Extinction Of Australian Megafauna Essay

670 words - 3 pages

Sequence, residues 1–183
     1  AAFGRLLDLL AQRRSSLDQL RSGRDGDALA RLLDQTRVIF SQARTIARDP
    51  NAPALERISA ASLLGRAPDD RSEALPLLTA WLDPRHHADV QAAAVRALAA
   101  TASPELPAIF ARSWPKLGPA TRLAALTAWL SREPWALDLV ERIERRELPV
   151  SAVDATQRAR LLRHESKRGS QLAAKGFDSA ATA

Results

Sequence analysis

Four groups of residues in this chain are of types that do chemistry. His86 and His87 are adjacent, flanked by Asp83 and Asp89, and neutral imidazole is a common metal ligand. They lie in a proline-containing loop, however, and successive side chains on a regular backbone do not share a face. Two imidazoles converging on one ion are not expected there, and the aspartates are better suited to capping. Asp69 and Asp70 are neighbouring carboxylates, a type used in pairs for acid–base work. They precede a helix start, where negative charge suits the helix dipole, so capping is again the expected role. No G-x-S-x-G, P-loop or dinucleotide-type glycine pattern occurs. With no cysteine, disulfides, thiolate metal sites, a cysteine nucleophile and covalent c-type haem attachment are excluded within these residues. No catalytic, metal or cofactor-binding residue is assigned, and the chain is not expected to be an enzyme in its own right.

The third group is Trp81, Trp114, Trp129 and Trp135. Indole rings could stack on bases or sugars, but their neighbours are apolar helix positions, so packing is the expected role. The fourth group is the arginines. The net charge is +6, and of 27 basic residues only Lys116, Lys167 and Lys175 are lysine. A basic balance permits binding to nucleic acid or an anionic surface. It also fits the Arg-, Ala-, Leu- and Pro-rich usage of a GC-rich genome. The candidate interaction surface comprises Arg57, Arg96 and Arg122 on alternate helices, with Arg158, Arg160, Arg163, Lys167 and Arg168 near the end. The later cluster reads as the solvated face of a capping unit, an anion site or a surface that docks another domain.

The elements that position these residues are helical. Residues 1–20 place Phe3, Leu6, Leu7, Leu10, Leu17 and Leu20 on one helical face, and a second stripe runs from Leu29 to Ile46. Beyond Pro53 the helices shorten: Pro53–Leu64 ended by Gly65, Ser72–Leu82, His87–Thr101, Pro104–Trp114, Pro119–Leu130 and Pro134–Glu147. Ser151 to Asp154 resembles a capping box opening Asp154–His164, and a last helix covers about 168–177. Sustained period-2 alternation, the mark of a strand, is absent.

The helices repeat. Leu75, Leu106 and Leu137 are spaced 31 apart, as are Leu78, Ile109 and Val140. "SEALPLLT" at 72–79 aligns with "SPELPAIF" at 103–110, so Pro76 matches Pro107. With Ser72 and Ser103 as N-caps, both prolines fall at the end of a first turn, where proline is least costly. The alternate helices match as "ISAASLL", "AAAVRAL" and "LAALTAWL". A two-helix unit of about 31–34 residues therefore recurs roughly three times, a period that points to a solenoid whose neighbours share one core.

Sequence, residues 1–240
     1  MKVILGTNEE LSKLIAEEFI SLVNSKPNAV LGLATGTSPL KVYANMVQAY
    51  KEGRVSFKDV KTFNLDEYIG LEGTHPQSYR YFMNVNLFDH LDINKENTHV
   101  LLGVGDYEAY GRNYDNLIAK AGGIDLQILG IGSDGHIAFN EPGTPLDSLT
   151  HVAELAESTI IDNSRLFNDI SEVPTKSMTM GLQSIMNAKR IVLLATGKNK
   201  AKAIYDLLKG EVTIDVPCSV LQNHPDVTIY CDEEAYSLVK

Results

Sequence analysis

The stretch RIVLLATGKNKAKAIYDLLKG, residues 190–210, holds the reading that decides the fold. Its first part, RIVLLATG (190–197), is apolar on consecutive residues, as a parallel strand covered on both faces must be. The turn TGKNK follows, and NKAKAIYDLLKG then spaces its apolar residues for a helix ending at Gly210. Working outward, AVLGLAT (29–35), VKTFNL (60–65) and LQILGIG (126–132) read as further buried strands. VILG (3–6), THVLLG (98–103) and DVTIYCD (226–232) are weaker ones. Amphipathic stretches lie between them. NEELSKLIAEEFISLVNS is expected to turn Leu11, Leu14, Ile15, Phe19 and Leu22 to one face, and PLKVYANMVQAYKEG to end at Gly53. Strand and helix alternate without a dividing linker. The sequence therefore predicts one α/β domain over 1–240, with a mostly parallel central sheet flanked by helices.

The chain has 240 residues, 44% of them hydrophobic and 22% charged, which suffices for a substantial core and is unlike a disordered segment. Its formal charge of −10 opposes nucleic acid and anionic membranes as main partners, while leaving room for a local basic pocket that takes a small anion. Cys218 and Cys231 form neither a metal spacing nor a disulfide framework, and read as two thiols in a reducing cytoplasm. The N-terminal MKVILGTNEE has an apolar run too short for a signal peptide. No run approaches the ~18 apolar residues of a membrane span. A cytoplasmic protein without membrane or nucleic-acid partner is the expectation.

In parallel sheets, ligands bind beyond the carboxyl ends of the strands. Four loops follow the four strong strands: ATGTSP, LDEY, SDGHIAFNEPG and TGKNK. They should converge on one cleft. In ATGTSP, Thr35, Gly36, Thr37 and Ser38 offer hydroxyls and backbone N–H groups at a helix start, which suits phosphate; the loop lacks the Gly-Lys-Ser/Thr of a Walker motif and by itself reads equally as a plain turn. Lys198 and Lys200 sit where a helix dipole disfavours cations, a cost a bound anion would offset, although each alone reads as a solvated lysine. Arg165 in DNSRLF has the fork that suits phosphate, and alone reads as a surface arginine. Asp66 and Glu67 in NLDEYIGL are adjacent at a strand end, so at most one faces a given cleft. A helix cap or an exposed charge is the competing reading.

Throughout time Australia has withstood the many climatic and geological changes that have affected it's vegetation and native fauna.Australia has been isolated from other continents for 45 million years. This isolation resulted in many unique plants and animals evolving. Over this time Australia has changed from a green, forested land to one of the most arid vegetated landmasses on Earth. This change of climate is reflected in the fossil record.Fossil plants show that at the time Australia separated from Antarctica, much of the land was covered with broad-leaved forests, even Central Australia. Similar forests are found today in wet tropical regions of northeastern Australia and Papua New Guinea.As Australia moved northwards at 6 to 7 centimetres per year, weather conditions changed and the climate dried out. The centre of Australia became drier and plants living there either became extinct or had to adapt to the drier conditions. The vegetation in this region changed from forests to woodlands to scrublands and eventually to grasslands.Eucalypts evolved in Eastern Gondwana at least 60 million years ago, before Australia became isolated. As the climate dried out Eucalypts became the dominant type of tree in Australia.Mammals have lived in Australia for many millions of years. Australia's most distinctive mammals are marsupials, which carry their young in pouches, and monotremes (the platypus and echidna), which are the only mammals that lay eggs. Placental mammals, for example rats, bats and humans, migrated here much later.MarsupialsToday marsupials are found mainly in Australia, Papua New Guinea and South America and monotremes only live in Australia and Papua New Guinea.It is not known where marsupials originally evolved as their fossil record is quite poor. Some scientists think they originated in North America and reached Australia later via South America and Antarctica.Even before Australia split from Antarctica, its marsupials had begun to evolve into distinctively Australian groups, many of which are now extinct. These include extinct marsupial 'lions' and diprotodons, as well as living possums, koalas, bandicoots, wombats and kangaroosA group...

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